• [0163]
    Acid addition salts of the compounds of the invention are most suitably formed from pharmaceutically acceptable acids, and include for example those formed with inorganic acids e.g. hydrochloric, hydrobromic, sulphuric or phosphoric acids and organic acids e.g. succinic, malaeic, acetic or fumaric acid. Other non-pharmaceutically acceptable salts e.g. oxalates can be used for example in the isolation of the compounds of the invention, for laboratory use, or for subsequent conversion to a pharmaceutically acceptable acid addition salt. Also included within the scope of the invention are solvates and hydrates of the invention.
  • [0164]
    The conversion of a given compound salt to a desired compound salt is achieved by applying standard techniques, in which an aqueous solution of the given salt is treated with a solution of base e.g. sodium carbonate or potassium hydroxide, to liberate the free base which is then extracted into an appropriate solvent, such as ether. The free base is then separated from the aqueous portion, dried, and treated with the requisite acid to give the desired salt.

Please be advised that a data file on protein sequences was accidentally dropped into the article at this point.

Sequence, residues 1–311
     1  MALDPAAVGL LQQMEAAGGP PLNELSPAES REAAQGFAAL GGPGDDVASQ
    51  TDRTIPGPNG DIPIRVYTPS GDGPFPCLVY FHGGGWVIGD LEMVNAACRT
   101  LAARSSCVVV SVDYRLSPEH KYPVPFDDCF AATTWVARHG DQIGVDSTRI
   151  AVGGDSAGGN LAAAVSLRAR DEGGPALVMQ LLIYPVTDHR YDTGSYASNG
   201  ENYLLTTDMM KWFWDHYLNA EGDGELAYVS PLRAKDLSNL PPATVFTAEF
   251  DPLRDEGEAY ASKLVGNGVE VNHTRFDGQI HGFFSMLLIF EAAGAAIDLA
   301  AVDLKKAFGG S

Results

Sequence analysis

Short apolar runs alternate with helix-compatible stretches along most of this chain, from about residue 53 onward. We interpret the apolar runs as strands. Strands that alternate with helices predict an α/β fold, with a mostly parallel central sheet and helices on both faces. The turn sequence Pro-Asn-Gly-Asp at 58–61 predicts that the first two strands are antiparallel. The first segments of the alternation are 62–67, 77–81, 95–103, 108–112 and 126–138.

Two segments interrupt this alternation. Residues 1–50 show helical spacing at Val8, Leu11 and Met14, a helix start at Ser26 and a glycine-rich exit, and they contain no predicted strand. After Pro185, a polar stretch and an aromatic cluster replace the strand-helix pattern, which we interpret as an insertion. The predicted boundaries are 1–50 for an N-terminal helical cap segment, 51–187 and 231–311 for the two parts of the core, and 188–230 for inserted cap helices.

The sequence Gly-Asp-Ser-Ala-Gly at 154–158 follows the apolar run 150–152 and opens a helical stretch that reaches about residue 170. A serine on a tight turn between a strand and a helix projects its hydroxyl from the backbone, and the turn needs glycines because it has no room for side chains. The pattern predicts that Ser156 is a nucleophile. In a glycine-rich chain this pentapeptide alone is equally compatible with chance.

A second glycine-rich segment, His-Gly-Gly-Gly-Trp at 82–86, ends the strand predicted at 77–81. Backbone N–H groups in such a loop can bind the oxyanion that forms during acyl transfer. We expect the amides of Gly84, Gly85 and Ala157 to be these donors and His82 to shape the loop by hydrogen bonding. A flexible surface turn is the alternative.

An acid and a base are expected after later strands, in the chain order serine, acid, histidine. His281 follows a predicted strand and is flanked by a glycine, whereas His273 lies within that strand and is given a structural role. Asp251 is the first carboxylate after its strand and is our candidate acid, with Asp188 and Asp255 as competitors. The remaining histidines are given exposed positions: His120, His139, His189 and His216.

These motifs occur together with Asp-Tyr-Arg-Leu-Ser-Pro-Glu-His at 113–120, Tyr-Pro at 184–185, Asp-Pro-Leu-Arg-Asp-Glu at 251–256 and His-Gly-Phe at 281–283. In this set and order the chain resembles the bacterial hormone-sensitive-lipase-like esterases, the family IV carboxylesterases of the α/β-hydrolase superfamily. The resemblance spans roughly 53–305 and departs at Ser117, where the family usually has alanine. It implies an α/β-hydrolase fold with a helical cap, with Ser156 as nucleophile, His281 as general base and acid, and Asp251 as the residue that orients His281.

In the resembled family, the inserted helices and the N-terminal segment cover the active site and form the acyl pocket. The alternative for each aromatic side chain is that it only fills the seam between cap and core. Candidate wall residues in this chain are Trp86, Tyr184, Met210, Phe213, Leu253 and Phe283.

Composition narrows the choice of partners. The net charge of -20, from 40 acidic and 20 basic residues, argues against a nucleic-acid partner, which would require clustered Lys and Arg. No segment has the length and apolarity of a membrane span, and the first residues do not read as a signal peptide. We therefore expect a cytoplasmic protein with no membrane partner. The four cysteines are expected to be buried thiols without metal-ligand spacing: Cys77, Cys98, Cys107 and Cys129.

• [0165]
    In vivo hydrolyzable esters or amides of certain compounds of the invention can be formed by treating those compounds having a free hydroxy or amino functionality with the acid chloride of the desired ester in the presence of a base in an inert solvent such as methylene chloride or chloroform. Suitable bases include triethylamine or pyridine. Conversely, compounds of the invention having a free carboxy group can be esterified using standard conditions which can include activation followed by treatment with the desired alcohol in the presence of a suitable base.